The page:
“The outcome is dependent on the condition and it is dependent on many factors,” according to Dr Hearty.
“They need full multidisciplinary assessment and it needs to be carefully weighed-up with the pros and cons. But in carefully-selected patients, we can achieve very good outcomes.
“The big problem is that there are a huge number of stakeholders involved. There might be a physiotherapist, there might be a GP, there might be a physician, and there might be an infectious disease consultant.
“The first challenge is to recognise the symptoms. Once the symptoms are recognised, the treatment strategies are relatively clear and are often guided by the patients’ descriptions and how they can tolerate the medications. It is the patients who fail first- or even second-line therapy that we would typically see referred to our service here in the Mater. They are a very challenging group of patients to treat because a lot of the patients with resistant neuropathic pain often fail multiple therapies, and it can be a really difficult journey for them to take because they have high expectations.”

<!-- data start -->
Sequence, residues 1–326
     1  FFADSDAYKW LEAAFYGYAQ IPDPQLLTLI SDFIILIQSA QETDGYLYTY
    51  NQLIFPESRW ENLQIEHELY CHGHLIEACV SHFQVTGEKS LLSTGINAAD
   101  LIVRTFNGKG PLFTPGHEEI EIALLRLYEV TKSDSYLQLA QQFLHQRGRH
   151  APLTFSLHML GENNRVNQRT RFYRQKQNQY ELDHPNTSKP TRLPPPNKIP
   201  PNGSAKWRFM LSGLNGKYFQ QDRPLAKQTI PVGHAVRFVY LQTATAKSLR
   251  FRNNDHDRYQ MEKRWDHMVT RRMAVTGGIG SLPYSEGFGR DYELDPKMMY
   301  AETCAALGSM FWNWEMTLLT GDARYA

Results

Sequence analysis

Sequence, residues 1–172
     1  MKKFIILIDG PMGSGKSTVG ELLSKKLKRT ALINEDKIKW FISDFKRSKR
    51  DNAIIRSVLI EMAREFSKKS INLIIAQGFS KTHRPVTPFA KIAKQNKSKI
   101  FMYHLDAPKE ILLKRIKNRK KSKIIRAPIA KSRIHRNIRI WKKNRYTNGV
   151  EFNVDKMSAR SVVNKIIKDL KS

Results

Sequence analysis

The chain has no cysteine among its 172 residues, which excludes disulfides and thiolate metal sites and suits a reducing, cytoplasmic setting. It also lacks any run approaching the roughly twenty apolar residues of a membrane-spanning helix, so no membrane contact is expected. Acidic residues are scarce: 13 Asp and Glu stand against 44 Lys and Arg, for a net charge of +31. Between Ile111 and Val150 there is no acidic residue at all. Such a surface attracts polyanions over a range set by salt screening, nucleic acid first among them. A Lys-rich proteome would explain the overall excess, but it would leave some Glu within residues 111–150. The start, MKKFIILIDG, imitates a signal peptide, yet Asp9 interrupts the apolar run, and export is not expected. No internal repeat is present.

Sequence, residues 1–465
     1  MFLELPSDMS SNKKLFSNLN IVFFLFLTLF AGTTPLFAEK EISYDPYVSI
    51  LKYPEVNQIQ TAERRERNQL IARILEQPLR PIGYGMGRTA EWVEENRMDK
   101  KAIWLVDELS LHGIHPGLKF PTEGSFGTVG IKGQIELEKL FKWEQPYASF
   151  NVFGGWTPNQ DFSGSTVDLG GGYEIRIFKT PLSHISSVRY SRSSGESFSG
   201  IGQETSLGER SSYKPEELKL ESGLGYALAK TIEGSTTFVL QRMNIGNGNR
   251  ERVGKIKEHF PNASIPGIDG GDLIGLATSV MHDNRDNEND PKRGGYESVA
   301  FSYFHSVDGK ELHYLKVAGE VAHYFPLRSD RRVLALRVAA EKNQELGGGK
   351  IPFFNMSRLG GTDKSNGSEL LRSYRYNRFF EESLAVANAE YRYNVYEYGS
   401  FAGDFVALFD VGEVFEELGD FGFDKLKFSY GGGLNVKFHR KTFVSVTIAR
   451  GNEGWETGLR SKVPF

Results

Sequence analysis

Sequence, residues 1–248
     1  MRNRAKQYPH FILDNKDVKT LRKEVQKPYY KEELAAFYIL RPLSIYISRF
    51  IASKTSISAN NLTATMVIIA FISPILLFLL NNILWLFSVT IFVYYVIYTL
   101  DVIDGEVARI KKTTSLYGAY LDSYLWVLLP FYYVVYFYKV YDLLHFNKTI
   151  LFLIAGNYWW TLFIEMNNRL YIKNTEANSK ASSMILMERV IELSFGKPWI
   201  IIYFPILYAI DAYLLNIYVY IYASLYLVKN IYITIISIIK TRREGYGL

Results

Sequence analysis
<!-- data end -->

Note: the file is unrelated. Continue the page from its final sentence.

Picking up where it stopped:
When treating patients, Dr Hearty said it is important to bear in mind the effect that chronic pain can have on a person’s life.
“When someone has chronic pain, it usually means that they are less active,” he explained.
“They can often have problems in terms of loss of fitness, they can have weak muscles, stiff joints, they often have a list of things they can’t do, they can often end up with sleep problems, tiredness, fatigue, stress, fear, anger, frustration.
“They will often have tried multiple medications with multiple side-effects, they can have problems in terms of relationships, they can have problems in terms of their occupation.
“What we are trying to do is to break that negative cycle. That can be with a reduction in pain, but equally we can also address some of the other negative issues such as activity, sleep and thinking processes. That part of the therapy is offered to everyone, in that it has zero side-effects and it is effective for many people.
“But in isolation, obviously it is often not enough, particularly for somebody who has severe neuropathic pain. What we try to do is look after the person as a whole and not just look after the condition in isolation.”